New Promise Neighborhood Engagement & Resident Leadership Staff

Joseph Black is our new Promise Neighborhood Engagement Manager. Joe brings a rich to the work in in the Central community, with experience in mentoring, educating and planning. His leadership has been noted in all walks of life.

Previously known for his work as the Youth Program Director at Friendly Inn Settlement House, he brought opportunities to work together with other youth organizations throughout the area. He was innovative and willing to try new approaches to chronic issues. The neighborhood’s first “Unity Walk,” which brought together youth groups from other neighborhoods, crossing boundaries and territories, was one positive result of his efforts.

As a graduate of Shaw University with a BA in Psychology and Sociology, he also has a background in mental health case management. He is working on his Master’s of Social Work at Cleveland State University. Joe is invested in lives of youth and families in the neighborhood. Always looking for opportunities to provide people with new experiences, he opened doors supported by the resources to help people grow beyond the challenges that life has brought to them. Simply put his work is grounded in the belief that “Better Days are Created by Better Ways.” Welcome Joe. You can reach him at and at 216.346.5639.

We are also pleased that Dawn Glasco is our new Promise neighborhood engagement coordinator.

Dawn is a proud resident of Central and graduate from East Technical High School. A former educator for Cleveland Metropolitan schools, she received a Bachelor’s degree in business administration from Chancellor University (formerly Dyke College).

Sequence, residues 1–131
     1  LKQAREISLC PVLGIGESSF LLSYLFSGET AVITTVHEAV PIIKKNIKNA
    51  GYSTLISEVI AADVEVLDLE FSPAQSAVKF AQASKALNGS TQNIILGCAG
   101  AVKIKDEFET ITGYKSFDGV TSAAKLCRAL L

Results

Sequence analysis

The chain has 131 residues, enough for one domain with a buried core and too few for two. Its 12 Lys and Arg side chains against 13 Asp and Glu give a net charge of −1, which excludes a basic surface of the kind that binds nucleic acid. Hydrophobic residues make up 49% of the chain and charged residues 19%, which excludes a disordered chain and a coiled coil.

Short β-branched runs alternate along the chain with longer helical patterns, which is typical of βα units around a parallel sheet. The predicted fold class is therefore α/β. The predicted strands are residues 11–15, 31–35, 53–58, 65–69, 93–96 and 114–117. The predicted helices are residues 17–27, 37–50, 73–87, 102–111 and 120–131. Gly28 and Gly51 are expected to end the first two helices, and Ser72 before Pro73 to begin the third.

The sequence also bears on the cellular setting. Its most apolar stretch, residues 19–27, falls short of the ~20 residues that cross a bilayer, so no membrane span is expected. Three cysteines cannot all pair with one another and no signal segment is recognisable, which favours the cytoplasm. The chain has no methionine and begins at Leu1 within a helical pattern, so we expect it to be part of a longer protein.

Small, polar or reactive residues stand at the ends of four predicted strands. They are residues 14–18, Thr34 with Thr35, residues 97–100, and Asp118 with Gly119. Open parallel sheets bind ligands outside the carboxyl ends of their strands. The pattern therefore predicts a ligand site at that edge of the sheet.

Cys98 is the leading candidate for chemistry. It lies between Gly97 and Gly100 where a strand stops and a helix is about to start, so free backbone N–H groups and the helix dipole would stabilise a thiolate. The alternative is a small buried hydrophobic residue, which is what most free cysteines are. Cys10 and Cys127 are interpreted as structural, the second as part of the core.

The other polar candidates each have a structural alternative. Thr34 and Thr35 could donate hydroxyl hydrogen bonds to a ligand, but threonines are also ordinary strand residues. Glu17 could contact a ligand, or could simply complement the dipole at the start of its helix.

Dawn has been a Central Promise Neighborhood Ambassador since the program’s inception in 2011. A former champion volleyball coach, health educator, college recruiter and a Women In Communications Matrix Scholarship winner, Dawn enjoys connecting people together and teaching. Her hobbies include photography, writing, and cooking. You can reach Dawn at 216.346.5648 or at

Earned Income Tax Credit Boosts Promise Neighborhood

The Central Promise Neighborhood is $5.7 million more prosperous thanks to the federal Earned Income Tax Credit, which helped an estimated 1,900 low-wage working families and individuals in the community make ends meet, according to a new report from Policy Matters Ohio.

But many families in the neighborhood will see no benefit from Ohio’s Earned Income Tax Credit (EITC) because of its significant shortcomings. Ohio lawmakers can help Central Promise’s effort to create a community where every child can have college and career success by making improvements to the state EITC, which supplements the federal credit.

“The federal EITC supports the mission of the Promise Initiative,” said Hannah Halbert, report author and researcher with Policy Matters Ohio. “Kids in EITC families that receive larger EITC credits tend to have higher test scores, higher graduations rates, and higher college attendance rates.”

Policy Matters’ report looks at the impact of the federal and state EITCs on the Promise neighborhood. Tax filers who claimed the federal EITC in the neighborhood got an average credit of $3,001, which will help them afford necessities like childcare and transportation.

The Ohio EITC will have a much more limited benefit for the neighborhood. One of the main reasons is that unlike the federal credit, Ohio’s isn’t “refundable,” which allows those qualifying for the EITC to claim a modest refund if the credit exceeds what they owe in taxes. The median gross income of the Promise neighborhood is barely above the threshold for qualifying for Ohio’s low-income tax credit, which eliminates tax liability for taxpayers with taxable income less than $10,000. Because the Ohio EITC isn’t refundable, many of these families will see no benefit from it.

In addition, Ohio’s EITC is capped for those with taxable income over $20,000 and set at only 5 percent of the federal credit. Making it one of the weakest credits in the nation.

“The state credit should be better targeted to reach low-income working families,” said Halbert. “Making the credit refundable, increasing the amount, and dropping the cap would help keep more kids out of poverty.”

This report was made possible by the generous support of the Sisters of Charity Foundation of Cleveland.

Read the report.